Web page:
The key to resolving our problem lies in the notion of a paradigm example. In giving a paradigm example, one answers the question of what something is not by offering a description or definition of it, but by making someone conscious of the thing itself. If someone wants to know what chess is, I can take them to a chess match so they can watch people play, and later on I can teach them to play themselves. (I construe the process of play broadly, to include consulting rule-books and similar things.) The games that they observe, or participate in, serve as paradigm examples of chess. If different people who had never played chess, or who were still learning to play, disagreed about what chess was or what it entailed, one could appeal to such paradigms to resolve their disagreements. Because they are not descriptive, paradigm examples enable one evade the dilemma we faced in trying to answer questions of the form “What are theories of x theories of?”. They explain what x is, not by representing x as being a certain way, but by making one conscious of examples of x, which are themselves that way. I think this applies, in particular, to theories of knowledge. What, though, would be the paradigm examples in this case? I think they would be some of our most commonly used sources of knowledge, such as perception, memory, reasoning, and testimony. In developing a theory of knowledge, then, what we should do is give an account of how these sources manage to do what they do—how vision and memory work, how people go about inferring some beliefs from others, and how people manage the business of sorting out good testimony from bad. Equally importantly, we should investigate the methodologies used in science and mathematics, which are more historically recent extensions of the other sources. If these sources are the paradigm examples of knowledge, which serve as the true “common core” that all theories of knowledge (perhaps unwittingly) aim to capture, we would do better to determine the nature of knowledge by inquiring into them rather than by considering thought experiments which by themselves have failed to settle the issue. It could be objected that this account is circular. Can we identify “sources of knowledge” as sources of knowledge independently of some prior account of what knowledge is? As it turns out, I think we can. Consider what would happen if you were to ask an ordinary person (i.e., a non-philosopher) how they know various things. “How do you know that it’s raining outside?”–“I can see that it is.” “How do you know what you had for breakfast?” —“I remember eating corn flakes.” We can easily imagine similar exchanges. If you asked them what knowledge is directly, I predict that they would be unable to say much of anything informative. (Of course, I might be wrong. If the reader suspects that I am, they can try asking a real person and see what happens.) Thus, I think the ordinary person would simply appeal to these sources, without giving or even having in mind any definition or description of what knowledge itself is.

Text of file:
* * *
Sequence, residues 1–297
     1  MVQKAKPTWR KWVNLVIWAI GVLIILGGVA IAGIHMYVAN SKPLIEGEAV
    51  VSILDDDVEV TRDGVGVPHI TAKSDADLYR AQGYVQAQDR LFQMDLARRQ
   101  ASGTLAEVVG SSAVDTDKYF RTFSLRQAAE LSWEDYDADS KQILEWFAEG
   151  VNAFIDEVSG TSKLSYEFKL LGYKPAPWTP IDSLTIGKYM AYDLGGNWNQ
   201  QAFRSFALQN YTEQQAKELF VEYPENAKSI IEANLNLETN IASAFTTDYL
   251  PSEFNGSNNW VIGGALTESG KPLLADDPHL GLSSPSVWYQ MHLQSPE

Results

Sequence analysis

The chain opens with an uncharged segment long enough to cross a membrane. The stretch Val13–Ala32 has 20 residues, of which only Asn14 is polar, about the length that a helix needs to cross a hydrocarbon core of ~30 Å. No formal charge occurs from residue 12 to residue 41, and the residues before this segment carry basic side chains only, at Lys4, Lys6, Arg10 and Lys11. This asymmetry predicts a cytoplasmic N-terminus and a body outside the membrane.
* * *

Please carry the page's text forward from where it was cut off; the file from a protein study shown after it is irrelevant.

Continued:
In sum, I have argued that the two questions with which we began can be answered by related sets of considerations. The difficulty of finding a solution to Gettier cases led us to consider what makes different theories of knowledge genuine rivals. Our answer was that there must be a common element, but it could only consist in paradigm examples of knowledge—such commonly acknowledged sources as perception, memory, reasoning, and testimony. This gave us an answer to the first question, which was that theories of knowledge should try to settle what knowledge is by analyzing these sources, rather than thought experiments—of which Gettier cases are a prime example. Ironically, the very sort of thought experiment which motivated our quest for an account of a proper theory of knowledge has led us to the conclusion that we have little need of such cases to further pursue our project. We have, so to speak, thrown away our ladder after having climbed up on it.
Gettier, Edmund. “Is Justified True Belief Knowledge?”, Analysis, 23: 121–123, 1963 [Available online here].